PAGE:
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Fiction

Anda Pinkerfeld Amir

Anda Pinkerfeld Amir helped shape two branches of Hebrew literature as an innovative, modernist Israeli poet and as a writer of children’s books that tackled difficult subjects like war and death.

Jane Yolen

Called the Hans Christian Anderson of America, Jane Yolen is known for weaving folklore, fantasy, historical events, and her own life into captivating stories for children and young adults.

Helen Yglesias

In her many novels, Helen Yglesias returned to the themes of her own life: women defying convention and finding the courage to start over.

Martha Wolfenstein

In her brief career, Martha Wolfenstein was hailed as “the best Jewish sketch writer in America.”

Anna Strunsky Walling

When told she was too young to be a socialist, Anna Strunsky Walling claimed that she’d been born with her passion for socialism as much as she’d been born with her talent for writing.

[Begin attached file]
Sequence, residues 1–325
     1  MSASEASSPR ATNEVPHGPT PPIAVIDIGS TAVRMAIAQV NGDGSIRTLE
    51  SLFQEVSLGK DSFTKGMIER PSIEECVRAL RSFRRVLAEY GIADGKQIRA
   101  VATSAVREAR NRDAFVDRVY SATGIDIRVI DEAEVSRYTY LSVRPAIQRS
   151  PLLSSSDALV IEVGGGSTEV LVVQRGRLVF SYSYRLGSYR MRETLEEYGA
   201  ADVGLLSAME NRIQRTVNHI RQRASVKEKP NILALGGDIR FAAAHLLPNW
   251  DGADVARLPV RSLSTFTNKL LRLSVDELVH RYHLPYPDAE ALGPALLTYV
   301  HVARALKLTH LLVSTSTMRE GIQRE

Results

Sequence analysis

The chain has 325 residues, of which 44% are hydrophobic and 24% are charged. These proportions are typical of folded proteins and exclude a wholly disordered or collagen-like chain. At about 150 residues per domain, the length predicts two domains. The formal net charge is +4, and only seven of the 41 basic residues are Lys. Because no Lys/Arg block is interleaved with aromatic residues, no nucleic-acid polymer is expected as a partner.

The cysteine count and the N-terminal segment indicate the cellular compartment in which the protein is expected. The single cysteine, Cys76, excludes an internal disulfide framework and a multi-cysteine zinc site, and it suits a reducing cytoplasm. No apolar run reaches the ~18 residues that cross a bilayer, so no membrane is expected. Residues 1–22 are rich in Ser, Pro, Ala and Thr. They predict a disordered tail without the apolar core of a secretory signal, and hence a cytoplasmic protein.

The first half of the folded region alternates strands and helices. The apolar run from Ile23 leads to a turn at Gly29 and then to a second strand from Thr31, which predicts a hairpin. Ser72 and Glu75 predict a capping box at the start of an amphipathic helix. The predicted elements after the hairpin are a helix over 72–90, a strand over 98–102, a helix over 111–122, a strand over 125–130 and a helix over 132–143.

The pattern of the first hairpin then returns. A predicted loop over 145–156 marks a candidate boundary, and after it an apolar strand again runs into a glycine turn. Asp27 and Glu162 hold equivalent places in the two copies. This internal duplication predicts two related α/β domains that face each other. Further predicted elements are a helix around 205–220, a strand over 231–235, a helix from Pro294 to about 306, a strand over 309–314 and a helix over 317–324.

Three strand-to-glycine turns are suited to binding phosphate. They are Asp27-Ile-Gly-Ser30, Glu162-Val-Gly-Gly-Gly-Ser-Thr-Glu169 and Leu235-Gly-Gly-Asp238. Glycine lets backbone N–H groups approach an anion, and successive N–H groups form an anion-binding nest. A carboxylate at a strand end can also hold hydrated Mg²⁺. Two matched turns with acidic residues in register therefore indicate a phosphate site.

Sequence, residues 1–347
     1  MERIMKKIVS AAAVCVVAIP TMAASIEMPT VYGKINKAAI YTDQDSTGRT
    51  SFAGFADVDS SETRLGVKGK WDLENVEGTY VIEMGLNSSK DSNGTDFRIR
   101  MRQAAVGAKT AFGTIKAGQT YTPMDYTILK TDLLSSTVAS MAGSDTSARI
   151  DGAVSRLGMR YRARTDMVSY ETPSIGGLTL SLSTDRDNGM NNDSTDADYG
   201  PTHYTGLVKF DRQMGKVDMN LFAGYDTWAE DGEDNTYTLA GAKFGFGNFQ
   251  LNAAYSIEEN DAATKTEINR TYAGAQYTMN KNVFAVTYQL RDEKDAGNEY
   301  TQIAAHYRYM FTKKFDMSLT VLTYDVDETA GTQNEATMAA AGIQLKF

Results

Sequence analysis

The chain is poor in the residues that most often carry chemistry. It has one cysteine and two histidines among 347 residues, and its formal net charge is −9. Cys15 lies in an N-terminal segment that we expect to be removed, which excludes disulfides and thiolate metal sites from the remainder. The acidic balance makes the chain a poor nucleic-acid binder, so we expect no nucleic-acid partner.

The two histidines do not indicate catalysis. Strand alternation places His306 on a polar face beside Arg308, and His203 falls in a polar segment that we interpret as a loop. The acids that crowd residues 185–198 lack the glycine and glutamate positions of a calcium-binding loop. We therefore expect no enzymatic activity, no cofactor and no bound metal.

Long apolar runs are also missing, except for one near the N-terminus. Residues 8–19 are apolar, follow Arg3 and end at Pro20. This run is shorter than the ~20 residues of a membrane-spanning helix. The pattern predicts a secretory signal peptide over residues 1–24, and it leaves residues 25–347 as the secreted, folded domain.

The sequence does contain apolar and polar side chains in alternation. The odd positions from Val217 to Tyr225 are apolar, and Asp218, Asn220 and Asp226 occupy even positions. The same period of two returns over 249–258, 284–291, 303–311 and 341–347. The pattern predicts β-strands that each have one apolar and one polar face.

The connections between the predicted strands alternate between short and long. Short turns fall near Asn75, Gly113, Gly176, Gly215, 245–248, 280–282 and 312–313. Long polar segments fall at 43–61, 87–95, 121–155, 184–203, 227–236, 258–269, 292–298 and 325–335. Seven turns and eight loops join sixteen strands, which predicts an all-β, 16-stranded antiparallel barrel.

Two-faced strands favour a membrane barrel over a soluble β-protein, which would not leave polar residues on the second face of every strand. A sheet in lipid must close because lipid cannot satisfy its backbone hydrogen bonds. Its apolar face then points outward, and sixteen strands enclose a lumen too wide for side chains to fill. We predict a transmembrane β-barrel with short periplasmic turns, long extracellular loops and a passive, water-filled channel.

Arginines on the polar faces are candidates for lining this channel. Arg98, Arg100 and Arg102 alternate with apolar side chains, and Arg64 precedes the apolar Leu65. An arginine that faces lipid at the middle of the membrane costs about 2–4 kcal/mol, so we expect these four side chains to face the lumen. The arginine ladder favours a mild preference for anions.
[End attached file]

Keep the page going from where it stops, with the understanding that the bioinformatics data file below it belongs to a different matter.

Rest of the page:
Sydney Taylor

Sydney Taylor’s famous and beloved All-of-a-Kind Family series of children’s books were almost left unpublished and forgotten.

Jacqueline Susann

After a breast cancer diagnosis left her determined to leave a real impact on the world, Jacqueline Susann made history as the first author to have three consecutive New York Times bestsellers, starting with her landmark 1966 novel, Valley of the Dolls.

Tess Slesinger

A novelist with a skill for balancing deep emotion with biting satire, Tess Slesinger became one of the first writers to explicitly discuss abortion in her 1932 story, “Missis Flinders.”

Jo Sinclair

An award-winning writer who hid both her lesbian and Jewish identities for years, Jo Sinclair used her personal experiences of prejudice to fuel her fiction.

Fradel Shtok

Despite the brevity of her career, Fradel Shtok showed great promise as a Yiddish writer for her attention to the little-discussed subjects of women’s sexuality and repression.

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How to cite this page

Jewish Women's Archive. "Fiction." (Viewed on May 30, 2015) <http://jwa.org/topics/fiction>.

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